Golden Rice and Glow-In-The-Dark Jello: Imagining the Future of Food Design

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Golden Rice and Glow-In-The-Dark Jello: Imagining the Future of Food Design Golden Rice and Glow-In-The-Dark Jello: Imagining the Future of Food Design
Lifestyle

Golden Rice and Glow-In-The-Dark Jello: Imagining the Future of Food Design

by Nicola Twilley

December 17, 2010

Food—the substance itself, as well as its methods of production and consumption—has always been the subject of tinkering and design. The color of carrots, the shape of silverware, and the layout of supermarkets are all products of human ingenuity applied to the business of nourishment.

Today, food is being redesigned more fundamentally and at a faster pace than ever before. This process is taking place in a wide variety of different contexts, with very different goals in mind, from corporate food technologists re-shaping salt crystals to maintain palatability while combating heart disease, to synaesthetic experiences designed by artist-entrepreneurs such as Marije Vogelzang. On the one hand, the Gates Foundation is backing genetically modified "golden rice," engineered to contain higher levels of the essential micronutrient, beta-carotene, while, on the other, design provocateurs Dunne & Raby recently proposed expanding the amount of food available for human consumption through a range of DIY digestive system hacks.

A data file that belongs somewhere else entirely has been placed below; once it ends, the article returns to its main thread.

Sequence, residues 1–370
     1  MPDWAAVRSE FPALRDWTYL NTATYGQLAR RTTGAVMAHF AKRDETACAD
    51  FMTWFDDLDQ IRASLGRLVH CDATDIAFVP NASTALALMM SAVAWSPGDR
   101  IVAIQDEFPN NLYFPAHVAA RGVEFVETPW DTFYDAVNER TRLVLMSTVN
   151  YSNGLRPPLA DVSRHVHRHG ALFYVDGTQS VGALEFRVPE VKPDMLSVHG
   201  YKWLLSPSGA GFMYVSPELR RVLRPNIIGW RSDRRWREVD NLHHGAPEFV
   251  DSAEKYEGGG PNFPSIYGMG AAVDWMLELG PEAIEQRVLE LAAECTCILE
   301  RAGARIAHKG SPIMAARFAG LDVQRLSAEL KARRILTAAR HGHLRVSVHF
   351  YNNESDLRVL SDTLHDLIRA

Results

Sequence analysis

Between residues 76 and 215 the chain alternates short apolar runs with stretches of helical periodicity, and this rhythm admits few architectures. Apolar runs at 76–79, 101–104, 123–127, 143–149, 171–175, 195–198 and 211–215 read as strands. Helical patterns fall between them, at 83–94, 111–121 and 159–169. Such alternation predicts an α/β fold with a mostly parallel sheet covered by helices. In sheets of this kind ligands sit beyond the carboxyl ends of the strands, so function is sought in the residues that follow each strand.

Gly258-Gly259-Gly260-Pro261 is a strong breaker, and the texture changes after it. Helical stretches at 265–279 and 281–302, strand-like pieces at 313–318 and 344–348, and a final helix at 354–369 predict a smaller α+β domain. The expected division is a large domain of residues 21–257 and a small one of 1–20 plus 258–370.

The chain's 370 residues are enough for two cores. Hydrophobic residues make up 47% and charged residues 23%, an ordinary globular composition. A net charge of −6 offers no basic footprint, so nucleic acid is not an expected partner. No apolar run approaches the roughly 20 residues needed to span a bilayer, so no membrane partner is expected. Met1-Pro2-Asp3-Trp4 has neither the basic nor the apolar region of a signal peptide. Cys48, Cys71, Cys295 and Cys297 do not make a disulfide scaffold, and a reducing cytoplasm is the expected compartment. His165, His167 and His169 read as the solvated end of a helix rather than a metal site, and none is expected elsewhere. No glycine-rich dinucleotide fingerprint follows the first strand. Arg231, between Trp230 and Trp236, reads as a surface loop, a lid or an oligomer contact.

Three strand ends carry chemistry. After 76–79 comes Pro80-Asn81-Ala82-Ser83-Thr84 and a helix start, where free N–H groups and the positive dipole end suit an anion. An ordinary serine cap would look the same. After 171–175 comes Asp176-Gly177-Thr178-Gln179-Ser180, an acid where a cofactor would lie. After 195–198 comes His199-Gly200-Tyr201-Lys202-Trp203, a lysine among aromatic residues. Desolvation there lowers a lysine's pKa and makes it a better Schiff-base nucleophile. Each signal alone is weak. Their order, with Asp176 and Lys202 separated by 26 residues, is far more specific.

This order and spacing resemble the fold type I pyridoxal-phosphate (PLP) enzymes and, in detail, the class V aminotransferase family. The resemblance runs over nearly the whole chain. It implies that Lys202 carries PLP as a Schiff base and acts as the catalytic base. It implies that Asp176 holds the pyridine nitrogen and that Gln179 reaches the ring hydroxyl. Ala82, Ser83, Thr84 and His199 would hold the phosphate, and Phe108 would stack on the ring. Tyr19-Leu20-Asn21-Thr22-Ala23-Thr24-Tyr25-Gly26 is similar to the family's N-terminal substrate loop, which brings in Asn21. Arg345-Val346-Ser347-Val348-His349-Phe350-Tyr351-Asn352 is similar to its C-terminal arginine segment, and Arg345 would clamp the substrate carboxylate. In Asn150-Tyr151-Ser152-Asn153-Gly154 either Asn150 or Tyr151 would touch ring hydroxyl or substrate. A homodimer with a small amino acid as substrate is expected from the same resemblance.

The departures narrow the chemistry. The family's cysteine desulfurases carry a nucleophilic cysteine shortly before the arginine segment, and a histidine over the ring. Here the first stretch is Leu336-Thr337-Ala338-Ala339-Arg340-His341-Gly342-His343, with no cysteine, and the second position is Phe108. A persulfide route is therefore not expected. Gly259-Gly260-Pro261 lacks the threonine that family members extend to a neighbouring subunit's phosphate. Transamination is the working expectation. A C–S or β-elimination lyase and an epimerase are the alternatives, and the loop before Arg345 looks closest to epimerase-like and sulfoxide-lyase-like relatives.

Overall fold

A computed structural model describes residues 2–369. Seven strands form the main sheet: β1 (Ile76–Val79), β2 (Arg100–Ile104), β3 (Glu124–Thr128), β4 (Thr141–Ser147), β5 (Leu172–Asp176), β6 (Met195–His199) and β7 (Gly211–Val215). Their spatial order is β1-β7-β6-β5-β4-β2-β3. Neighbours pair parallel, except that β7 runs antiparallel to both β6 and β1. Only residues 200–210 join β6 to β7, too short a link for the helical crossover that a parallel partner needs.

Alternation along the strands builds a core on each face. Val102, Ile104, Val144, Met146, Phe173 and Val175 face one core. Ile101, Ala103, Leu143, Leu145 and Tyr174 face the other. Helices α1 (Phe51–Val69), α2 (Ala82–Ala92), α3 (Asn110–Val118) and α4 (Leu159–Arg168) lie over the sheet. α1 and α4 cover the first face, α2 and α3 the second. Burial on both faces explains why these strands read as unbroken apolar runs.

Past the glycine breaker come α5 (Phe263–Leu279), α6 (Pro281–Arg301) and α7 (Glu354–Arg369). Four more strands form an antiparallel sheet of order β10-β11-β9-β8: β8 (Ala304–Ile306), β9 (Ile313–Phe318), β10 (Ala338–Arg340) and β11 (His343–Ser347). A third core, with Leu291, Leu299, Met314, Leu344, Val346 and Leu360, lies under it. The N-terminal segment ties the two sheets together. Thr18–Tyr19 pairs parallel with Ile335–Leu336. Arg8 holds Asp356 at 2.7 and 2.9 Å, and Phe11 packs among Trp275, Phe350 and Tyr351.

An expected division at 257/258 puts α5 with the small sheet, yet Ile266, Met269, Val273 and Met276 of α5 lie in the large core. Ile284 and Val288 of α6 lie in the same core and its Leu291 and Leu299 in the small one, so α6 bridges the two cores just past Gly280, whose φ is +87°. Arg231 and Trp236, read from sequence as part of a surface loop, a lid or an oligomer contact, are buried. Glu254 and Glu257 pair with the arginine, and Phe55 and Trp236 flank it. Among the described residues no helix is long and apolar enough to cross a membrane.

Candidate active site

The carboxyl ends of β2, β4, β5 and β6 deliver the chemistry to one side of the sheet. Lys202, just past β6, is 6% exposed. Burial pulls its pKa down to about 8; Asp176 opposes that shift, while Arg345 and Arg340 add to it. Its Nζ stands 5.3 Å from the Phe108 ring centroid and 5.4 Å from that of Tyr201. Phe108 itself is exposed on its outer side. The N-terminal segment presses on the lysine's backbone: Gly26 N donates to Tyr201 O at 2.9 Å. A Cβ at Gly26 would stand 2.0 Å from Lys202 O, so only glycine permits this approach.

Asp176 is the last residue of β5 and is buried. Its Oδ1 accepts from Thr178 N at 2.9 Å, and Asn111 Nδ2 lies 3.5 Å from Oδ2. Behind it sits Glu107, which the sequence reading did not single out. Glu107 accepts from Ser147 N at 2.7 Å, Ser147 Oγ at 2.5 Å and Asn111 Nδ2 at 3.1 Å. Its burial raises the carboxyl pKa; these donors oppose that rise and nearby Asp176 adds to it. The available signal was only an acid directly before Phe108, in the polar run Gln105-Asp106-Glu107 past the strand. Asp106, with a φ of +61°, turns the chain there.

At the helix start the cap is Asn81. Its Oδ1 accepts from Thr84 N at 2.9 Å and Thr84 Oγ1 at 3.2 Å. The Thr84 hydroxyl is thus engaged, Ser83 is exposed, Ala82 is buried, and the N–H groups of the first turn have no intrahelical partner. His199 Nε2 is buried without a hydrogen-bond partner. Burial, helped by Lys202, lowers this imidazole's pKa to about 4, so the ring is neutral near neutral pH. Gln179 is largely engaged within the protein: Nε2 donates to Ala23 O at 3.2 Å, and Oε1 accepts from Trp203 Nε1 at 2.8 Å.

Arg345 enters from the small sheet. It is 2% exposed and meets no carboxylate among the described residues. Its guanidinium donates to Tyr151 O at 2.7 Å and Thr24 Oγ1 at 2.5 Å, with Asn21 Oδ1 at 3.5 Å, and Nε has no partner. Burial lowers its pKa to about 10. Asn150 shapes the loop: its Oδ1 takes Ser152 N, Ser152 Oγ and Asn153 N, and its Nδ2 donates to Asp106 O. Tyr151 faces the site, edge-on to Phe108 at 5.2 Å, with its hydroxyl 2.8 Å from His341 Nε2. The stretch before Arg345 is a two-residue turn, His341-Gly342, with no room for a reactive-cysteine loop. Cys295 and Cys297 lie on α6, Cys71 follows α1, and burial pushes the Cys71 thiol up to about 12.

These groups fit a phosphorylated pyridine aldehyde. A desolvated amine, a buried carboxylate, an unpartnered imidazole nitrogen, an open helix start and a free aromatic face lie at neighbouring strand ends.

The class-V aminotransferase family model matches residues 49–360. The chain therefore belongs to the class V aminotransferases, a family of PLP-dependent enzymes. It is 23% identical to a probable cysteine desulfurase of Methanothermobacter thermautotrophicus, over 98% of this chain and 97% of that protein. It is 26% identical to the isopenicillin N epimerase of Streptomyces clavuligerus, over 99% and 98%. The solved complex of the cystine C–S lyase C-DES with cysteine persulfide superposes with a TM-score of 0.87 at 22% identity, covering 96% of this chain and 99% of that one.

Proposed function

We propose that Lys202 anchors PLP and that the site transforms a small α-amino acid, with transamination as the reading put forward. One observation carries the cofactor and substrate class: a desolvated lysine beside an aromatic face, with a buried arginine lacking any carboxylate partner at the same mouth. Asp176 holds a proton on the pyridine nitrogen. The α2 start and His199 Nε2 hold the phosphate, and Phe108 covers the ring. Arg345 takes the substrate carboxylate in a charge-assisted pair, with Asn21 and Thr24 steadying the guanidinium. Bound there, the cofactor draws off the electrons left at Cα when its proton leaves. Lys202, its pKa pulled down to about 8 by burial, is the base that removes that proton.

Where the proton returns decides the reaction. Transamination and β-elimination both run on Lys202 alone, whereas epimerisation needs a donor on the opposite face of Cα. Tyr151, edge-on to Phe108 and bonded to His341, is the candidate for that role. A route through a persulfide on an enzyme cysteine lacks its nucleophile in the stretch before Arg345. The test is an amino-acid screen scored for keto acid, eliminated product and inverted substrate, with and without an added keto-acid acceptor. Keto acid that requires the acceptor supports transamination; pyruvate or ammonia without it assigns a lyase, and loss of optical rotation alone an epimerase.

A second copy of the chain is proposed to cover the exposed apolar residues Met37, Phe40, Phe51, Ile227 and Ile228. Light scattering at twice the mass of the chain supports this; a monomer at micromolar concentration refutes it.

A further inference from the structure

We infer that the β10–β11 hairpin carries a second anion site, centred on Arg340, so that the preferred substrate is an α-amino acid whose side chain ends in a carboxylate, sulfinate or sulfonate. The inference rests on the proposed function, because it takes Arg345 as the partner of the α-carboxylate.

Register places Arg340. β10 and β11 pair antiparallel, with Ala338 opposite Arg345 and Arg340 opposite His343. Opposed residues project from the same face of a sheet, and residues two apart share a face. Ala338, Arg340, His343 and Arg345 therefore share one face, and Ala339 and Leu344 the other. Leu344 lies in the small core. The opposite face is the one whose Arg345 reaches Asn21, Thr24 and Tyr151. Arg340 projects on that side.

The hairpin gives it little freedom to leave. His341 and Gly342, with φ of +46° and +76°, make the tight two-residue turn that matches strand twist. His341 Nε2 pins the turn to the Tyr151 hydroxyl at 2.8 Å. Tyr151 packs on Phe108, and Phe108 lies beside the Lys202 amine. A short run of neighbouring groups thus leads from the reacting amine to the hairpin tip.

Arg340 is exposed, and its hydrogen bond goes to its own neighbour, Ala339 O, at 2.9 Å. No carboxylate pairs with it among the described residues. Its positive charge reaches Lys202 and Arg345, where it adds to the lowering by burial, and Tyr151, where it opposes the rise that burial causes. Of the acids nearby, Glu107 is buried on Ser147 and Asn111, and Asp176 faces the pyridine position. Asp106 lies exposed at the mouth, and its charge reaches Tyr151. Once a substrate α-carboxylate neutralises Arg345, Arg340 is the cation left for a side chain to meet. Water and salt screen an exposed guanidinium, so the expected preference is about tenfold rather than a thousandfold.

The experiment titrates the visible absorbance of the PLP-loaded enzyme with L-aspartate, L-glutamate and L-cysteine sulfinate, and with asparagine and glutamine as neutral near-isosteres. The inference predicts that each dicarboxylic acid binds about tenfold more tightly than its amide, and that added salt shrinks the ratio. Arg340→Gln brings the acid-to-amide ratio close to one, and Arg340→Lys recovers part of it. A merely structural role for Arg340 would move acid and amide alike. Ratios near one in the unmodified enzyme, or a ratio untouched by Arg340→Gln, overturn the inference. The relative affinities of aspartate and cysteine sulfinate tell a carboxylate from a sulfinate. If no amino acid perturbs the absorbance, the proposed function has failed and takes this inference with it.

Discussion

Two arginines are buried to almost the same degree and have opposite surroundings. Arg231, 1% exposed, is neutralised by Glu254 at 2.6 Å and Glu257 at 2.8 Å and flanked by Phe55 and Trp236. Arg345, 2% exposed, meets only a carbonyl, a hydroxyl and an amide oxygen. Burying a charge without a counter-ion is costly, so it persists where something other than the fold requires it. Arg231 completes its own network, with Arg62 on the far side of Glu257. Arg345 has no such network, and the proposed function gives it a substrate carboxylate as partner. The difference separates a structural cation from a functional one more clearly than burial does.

As these examples begin to show, the design of food has the potential to reshape the world, let alone what we eat for dinner. So when the nonprofit The Glass House Conversations asked me to come up with a question that would kickstart a public debate, I thought it would be a good opportunity to learn more about who is redesigning our food, how, for whom, and to what end. What are the opportunities and gaps in food R&D today, who is setting the priorities, and what should we be investing in, in order to use food as a tool to design a better future?

Here's the way I tried to sum all of that up on the Glass House Conversations site:

In an era when food justice, food security, climate change, and obesity are such pressing issues, should there be public funding for food design R&D, and, if so, who should be receiving it?

What do you think? From nanotechnology and genetic modification to fruit vending machines and smaller packaging sizes, we have a range of tools at our disposal to rethink food, from agriculture to distribution. Which directions offer the most potential, and how should we make sure that our food is being redesigned for good, rather than just for profit?

You have four more days to add your voice to the conversation here. Jump in!

Images: (1) cake, reformatted by Danklhampel; (2) Save Food From Fridge, by designer Jihyun Ryou; (3) baby carrots, repackaged by Crispin Porter + Bogusky.

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